Eating Habits For Better Hearing Long-Term

By Barry Keate
Barry Keate, has lived with tinnitus over 40 years and has published 150+ research articles on numerous aspects of tinnitus. He is an expert on the condition and a well-known advocate for those with tinnitus.

Eating Habits For Better Hearing Long-Term


Sometimes, it’s hard to remember that what we eat today directly impacts our bodies for weeks, months, or even years in the future. We’re focused on what we see, feel, and experience now.

The food you eat provides your body with many of the building blocks it needs to create new cells and repair old ones. Many of the vitamins, minerals, fats, proteins, and nutrients in your food are essential for your body function properly, making neurons fire correctly and transmit information to the brain so pain receptors can alert us to injury, eyes can show us color and light, and ears can hear familiar voices, alert us to danger, and help us enjoy music.

Providing your body with the proper nutrition helps your body systems function better for longer. That doesn’t mean you can’t enjoy your favorite foods. There are days when pizza and ice cream really hit the spot. The trick is to include more healthy foods in your regular diet, so your body has what it needs.

Here are some key nutrients that contribute to better hearing that you can include in your diet.

7 Foods For Better Hearing

1. Beta-carotene: which our bodies convert into Vitamin A, is a powerful antioxidant that helps prevent cell damage in the inner ear. Taken with other vital ingredients, it can help prevent hearing loss and tinnitus. Beta-carotene is a plant pigment that gives carrots their color. It is also found in a few vegetables without orange coloring and is fat soluble, so eat it with a quality fat source like olive oil or nuts to help your body absorb it.

Sources: Try carrots, sweet potatoes, butternut squash, cantaloupe, apricots, red bell peppers, dark leafy greens, lettuce, broccoli, and peas.

2. Folate: A great source of folate is citrus fruit. It helps create red blood cells and is an antioxidant that helps prevent oxidative damage to the cochlea (inner ear.) It also helps circulation, which means the tiny nerves that deliver sound signals to the brain receive the nutrients and oxygen they need to function correctly.

Sources: Try asparagus, eggs, beets, brussel sprouts, citrus, broccoli, legumes, beef liver, dark leafy greens, bananas, wheat germ, papaya, whole grains, and seeds.

3. Magnesium: Although the exact mechanism isn’t understood, magnesium has proven especially effective in preventing and treating inner ear nerve damage from loud noises. It helps nerve function, improves blood flow, and increases nutrient and oxygen delivery to nerves.

Sources: Try Brazil nuts, almonds, cashews, pumpkin seeds, flax seeds, dark chocolate, avocados, bananas, legumes, kale, spinach, salmon, and whole grains.

4. Omega-3s: Omega-3 is an essential nutrient, meaning we do not produce it in our bodies. It lowers inflammation throughout the body, Inflammation can cause hearing loss as it damages the tiny nerves in the ear. So, anti-inflammatory ingredients protect the nerves and preserve your hearing. It’s an antioxidant that reduces oxidative stress on auditory nerves. And it is a significant source of nutrition for the brain, which benefits the entire body. There are three fatty acids (Omega 3), including:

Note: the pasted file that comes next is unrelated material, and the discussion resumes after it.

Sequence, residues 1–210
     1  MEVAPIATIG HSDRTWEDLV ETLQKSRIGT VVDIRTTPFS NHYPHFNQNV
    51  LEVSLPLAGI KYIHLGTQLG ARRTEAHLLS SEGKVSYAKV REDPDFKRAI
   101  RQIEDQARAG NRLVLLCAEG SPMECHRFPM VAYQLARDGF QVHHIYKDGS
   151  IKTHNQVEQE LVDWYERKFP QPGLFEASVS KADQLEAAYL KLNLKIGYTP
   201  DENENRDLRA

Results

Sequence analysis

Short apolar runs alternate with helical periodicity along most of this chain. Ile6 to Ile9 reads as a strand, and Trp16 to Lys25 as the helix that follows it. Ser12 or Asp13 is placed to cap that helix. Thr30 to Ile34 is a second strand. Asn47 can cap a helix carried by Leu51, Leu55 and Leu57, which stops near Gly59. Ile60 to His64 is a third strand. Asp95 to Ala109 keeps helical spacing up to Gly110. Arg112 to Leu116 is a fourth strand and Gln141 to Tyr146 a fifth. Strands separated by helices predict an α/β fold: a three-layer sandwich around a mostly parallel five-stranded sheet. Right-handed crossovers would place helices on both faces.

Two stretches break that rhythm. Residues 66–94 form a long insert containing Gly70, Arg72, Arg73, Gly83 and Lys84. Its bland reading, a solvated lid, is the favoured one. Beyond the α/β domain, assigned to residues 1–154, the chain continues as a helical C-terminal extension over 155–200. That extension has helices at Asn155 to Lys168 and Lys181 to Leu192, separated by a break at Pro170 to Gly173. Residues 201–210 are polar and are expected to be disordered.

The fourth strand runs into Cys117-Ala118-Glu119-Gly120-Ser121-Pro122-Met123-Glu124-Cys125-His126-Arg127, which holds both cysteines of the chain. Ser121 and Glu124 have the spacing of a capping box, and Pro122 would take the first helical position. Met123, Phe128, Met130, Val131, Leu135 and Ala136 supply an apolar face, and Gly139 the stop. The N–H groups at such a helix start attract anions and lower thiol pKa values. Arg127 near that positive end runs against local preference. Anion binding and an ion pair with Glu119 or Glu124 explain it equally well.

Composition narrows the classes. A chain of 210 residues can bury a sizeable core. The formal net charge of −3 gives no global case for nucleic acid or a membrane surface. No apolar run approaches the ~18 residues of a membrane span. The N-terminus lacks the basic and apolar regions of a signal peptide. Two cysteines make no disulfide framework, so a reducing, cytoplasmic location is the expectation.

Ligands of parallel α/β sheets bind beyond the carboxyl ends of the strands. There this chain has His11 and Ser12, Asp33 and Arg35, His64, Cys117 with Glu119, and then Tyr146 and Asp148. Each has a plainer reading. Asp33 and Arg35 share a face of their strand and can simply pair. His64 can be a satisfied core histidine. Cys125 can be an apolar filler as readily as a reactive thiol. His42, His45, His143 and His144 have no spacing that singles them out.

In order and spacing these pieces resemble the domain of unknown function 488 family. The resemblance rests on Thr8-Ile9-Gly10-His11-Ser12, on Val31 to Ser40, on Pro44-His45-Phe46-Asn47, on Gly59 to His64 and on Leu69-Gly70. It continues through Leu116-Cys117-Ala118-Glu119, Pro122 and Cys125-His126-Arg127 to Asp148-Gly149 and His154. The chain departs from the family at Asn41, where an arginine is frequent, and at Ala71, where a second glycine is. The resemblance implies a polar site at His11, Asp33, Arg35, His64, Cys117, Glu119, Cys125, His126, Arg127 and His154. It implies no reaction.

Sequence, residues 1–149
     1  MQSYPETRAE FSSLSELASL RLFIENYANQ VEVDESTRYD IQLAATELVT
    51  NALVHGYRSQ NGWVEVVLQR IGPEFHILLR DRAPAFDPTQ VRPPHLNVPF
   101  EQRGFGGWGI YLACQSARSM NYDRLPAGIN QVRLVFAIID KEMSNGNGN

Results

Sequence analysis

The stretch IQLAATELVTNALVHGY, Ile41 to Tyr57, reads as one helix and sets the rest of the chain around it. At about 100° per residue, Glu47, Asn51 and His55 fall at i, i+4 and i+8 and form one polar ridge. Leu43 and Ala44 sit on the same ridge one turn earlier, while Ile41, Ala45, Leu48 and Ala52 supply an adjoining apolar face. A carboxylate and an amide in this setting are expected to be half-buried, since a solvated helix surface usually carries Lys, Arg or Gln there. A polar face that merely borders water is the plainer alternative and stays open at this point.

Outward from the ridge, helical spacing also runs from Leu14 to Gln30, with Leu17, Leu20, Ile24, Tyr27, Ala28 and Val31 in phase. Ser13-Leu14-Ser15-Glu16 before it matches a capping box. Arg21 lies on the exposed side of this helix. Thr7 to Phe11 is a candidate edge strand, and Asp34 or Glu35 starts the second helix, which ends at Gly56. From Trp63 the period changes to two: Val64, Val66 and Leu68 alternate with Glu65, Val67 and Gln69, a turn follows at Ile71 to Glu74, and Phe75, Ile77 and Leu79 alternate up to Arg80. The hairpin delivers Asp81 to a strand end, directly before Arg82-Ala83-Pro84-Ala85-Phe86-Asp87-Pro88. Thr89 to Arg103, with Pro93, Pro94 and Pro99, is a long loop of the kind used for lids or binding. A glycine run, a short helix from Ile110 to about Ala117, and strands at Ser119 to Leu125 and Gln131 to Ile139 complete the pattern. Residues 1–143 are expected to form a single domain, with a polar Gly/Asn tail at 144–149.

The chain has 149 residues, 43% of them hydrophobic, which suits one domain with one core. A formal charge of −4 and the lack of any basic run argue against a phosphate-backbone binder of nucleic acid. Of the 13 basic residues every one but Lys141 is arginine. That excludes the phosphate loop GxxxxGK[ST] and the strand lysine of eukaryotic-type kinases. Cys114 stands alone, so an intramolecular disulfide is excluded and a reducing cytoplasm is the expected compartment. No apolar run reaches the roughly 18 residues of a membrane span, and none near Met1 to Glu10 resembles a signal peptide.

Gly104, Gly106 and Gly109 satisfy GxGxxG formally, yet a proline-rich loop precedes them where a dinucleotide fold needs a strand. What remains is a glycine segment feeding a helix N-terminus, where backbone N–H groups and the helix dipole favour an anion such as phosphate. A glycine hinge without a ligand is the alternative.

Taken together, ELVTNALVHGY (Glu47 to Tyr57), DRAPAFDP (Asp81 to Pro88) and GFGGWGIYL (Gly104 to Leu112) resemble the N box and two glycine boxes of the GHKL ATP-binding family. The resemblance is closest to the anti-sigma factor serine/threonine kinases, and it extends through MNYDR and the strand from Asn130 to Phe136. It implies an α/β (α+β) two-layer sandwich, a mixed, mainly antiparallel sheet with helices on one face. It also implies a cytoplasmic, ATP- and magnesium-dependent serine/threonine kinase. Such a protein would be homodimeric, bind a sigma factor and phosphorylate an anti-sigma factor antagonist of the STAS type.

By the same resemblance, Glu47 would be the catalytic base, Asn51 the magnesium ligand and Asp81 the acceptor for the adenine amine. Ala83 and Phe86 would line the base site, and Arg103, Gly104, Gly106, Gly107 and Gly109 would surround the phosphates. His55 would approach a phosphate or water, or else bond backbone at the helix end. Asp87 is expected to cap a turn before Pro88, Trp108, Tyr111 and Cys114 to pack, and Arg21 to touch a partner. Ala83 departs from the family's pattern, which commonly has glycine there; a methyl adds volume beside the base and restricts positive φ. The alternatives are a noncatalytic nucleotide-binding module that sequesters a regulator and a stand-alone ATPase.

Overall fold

• DHA- Food for the brain and benefits the eyes and the heart. It lowers the risk of age-related hearing loss as well as cognitive dysfunction.

• EPA- Good for the eyes and heart and reduces inflammation

• ALA- Good for the brain and heart and lowers inflammation

Sources: Use walnuts, flax seeds, and chia seeds as the primary source for ALA, though they spoil quickly, so it is best to grind them yourself or buy them in a dark bottle so light doesn’t degrade the fats. Eggs, tuna, mackerel, salmon, sardines, herring, oysters, algae, hemp, and grass-fed beef can supply the DHA and EPA.

5. Potassium: Potassium regulates the fluid in your inner ear, maintaining the optimal environment for the inner ear’s nerves to thrive. Without potassium, the fluid levels drop, damaging the nerves.

Sources: Have sweet potatoes, potatoes, cantaloupe, ranges, apricots, bananas, mushrooms, cucumbers, eggs, peas, spinach, coconut, avocados, watermelon, and edamame.

6. Zinc: Zinc encourages cell growth and regeneration and boosts the immune system to fight off ear and other infections. Zinc deficiencies cause hearing damage, while many use zinc for tinnitus relief.

Sources: Dark chocolate, yogurt, lentils, beans, peanuts, cashews, oysters, lobster, crab, mushrooms, spinach, garlic, kale, pumpkin seeds, oatmeal, pork, beef, and dark meat chicken.

7. Ginkgo Biloba Extract (GBE): Pharmaceutical-grade GBE calms over-excited nerves before damage can occur, is a powerful anti-inflammatory, and increases circulation.

Source: As GBE is an expensive ingredient, it is sold as natural supplements for tinnitus, but not all supplements are equal. Look for high-grade GBE for maximum benefits.

The Bottom Line

With such a variety of sources, it should be easy to incorporate them into your daily diet and still enjoy a wide range of delicious recipes. If you supplement your diet, choose only high-grade herbal supplements for tinnitus for the best results.